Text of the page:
Take the 2-minute tour ×
Stack Overflow is a question and answer site for professional and enthusiast programmers. It's 100% free, no registration required.

I'm working on an application that displays some child windows which can either be closed by the user or are automatically closed. While debugging some exceptions that were being thrown, I discovered I was trying to call methods like Hide() on a window that had already been closed; this particular branch of code was common to both cases and I hadn't noticed this.

One of my first ideas was to look for a property on Window that would indicate the window had been closed. I can't seem to find one. In WinForms, I'd look to the IsDisposed property for a somewhat reliable indicator that the form had been closed (it won't reliably work for a dialog but I'm not working with dialogs.) I don't see anything equivalent on Window. The documentation for Window.Close() doesn't seem to indicate any properties that are changed by the method. Am I missing something obvious, or is the only method to know if a window's been closed to handle the Closed event? That seems kind of a harsh requirement for a simple task.

share|improve this question

3 Answers 3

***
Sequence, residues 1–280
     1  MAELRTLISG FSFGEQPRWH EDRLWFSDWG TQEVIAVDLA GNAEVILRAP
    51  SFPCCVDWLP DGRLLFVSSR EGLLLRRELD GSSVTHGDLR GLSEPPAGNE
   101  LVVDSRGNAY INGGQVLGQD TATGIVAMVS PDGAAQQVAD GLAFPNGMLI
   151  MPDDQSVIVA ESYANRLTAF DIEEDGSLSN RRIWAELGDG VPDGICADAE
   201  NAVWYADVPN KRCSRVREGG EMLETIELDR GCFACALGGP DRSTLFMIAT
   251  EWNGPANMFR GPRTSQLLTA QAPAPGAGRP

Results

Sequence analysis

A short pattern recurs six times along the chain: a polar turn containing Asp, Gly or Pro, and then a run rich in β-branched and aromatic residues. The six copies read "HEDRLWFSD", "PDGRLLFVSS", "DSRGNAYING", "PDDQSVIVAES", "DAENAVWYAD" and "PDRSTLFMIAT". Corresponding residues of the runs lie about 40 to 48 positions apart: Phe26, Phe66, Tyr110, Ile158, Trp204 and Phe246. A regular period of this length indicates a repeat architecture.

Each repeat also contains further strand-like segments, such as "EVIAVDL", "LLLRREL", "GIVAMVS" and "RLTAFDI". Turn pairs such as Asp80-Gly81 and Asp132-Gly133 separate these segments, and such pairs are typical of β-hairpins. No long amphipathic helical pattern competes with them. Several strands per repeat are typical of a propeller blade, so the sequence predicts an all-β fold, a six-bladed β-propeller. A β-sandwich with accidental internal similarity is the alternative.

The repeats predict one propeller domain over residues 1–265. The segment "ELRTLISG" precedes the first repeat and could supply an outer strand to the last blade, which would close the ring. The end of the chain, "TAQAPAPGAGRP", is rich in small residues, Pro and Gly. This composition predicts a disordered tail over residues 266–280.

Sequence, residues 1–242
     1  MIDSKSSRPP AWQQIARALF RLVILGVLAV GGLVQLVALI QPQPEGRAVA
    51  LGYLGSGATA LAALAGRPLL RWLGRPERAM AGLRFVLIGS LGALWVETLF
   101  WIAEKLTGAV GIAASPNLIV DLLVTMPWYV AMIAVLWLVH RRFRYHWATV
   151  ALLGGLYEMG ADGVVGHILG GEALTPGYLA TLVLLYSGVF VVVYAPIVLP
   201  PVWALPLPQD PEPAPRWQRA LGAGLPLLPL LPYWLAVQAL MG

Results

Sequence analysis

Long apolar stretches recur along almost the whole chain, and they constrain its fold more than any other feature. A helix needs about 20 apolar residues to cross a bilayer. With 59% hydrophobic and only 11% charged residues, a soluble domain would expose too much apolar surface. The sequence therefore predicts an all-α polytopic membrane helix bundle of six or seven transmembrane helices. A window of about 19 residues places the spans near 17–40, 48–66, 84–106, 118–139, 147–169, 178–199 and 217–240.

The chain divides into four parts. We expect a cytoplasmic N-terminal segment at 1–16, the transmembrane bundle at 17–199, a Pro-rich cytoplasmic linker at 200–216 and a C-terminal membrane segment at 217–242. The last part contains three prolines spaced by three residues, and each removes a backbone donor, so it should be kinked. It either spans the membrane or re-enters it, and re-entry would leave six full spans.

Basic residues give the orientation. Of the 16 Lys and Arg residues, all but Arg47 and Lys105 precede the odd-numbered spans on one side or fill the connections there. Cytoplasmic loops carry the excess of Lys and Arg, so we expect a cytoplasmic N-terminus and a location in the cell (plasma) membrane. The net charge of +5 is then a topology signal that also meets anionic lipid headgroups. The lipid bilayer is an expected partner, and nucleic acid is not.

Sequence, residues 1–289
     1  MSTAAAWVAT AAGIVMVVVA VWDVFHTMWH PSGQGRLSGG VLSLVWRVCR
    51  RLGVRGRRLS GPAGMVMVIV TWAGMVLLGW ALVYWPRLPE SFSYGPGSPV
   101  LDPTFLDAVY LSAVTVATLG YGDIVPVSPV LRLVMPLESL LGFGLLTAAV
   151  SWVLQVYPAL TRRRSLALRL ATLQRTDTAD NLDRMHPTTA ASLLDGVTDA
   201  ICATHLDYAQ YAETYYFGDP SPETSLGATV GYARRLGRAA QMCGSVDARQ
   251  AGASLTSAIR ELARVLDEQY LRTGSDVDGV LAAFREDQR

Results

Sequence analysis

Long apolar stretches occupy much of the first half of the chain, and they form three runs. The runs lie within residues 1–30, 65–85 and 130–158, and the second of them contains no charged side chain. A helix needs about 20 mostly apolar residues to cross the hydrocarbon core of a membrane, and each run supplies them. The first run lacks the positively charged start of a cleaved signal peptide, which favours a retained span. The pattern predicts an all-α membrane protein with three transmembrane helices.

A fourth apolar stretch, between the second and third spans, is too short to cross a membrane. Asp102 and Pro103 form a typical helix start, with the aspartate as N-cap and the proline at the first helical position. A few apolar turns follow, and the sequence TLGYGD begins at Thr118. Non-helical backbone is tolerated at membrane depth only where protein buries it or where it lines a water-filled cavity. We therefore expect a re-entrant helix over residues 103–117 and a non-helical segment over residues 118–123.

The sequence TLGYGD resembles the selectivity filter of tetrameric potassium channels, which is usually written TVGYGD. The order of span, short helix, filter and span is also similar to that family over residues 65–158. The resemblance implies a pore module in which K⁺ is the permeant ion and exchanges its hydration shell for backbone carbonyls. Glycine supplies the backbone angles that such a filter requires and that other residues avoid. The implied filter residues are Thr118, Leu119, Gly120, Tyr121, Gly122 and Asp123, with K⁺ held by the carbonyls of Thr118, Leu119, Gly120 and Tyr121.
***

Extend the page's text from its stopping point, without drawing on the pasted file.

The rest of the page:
up vote 30 down vote accepted

According to this conversation on the MSDN WPF forums (see the last post), you can check to see if the IsLoaded is false, which means that the window is "eligible" for unloading its content. I hope that works for you!

share|improve this answer
This property cannot be accessed from another thread, and Invoking a call to the disposed Window block infinitely. So I ended up using my own instance variable for that and access it in a way that doesn't require synchronisation (isClosed = true at the beginning of the OnClosed method, then read it later again). –  LonelyPixel Feb 22 '12 at 9:17
This doesn't work if events are still being processed. For example if a button Click handler closes a window and then opens another and the second window's initialization checks IsLoaded of the first, it will return true. –  nmclean Feb 26 '14 at 16:16

Another way : Application.Windows contains a list of open windows. You can check is this collection contains your window (it is removed after closing).

Looks like you have to call OfType<Window>() because it is a specialized collection.

share|improve this answer
be careful with this one - this may sometimes contain windows that aren't closed, notably those that failed during initial display due to bad XAML –  Simon_Weaver Mar 30 '12 at 21:50

Hope this is useful for you:

PresentationSource.FromVisual(window) == null;

share|improve this answer

Your Answer


By posting your answer, you agree to the privacy policy and terms of service.

Not the answer you're looking for? Browse other questions tagged or ask your own question.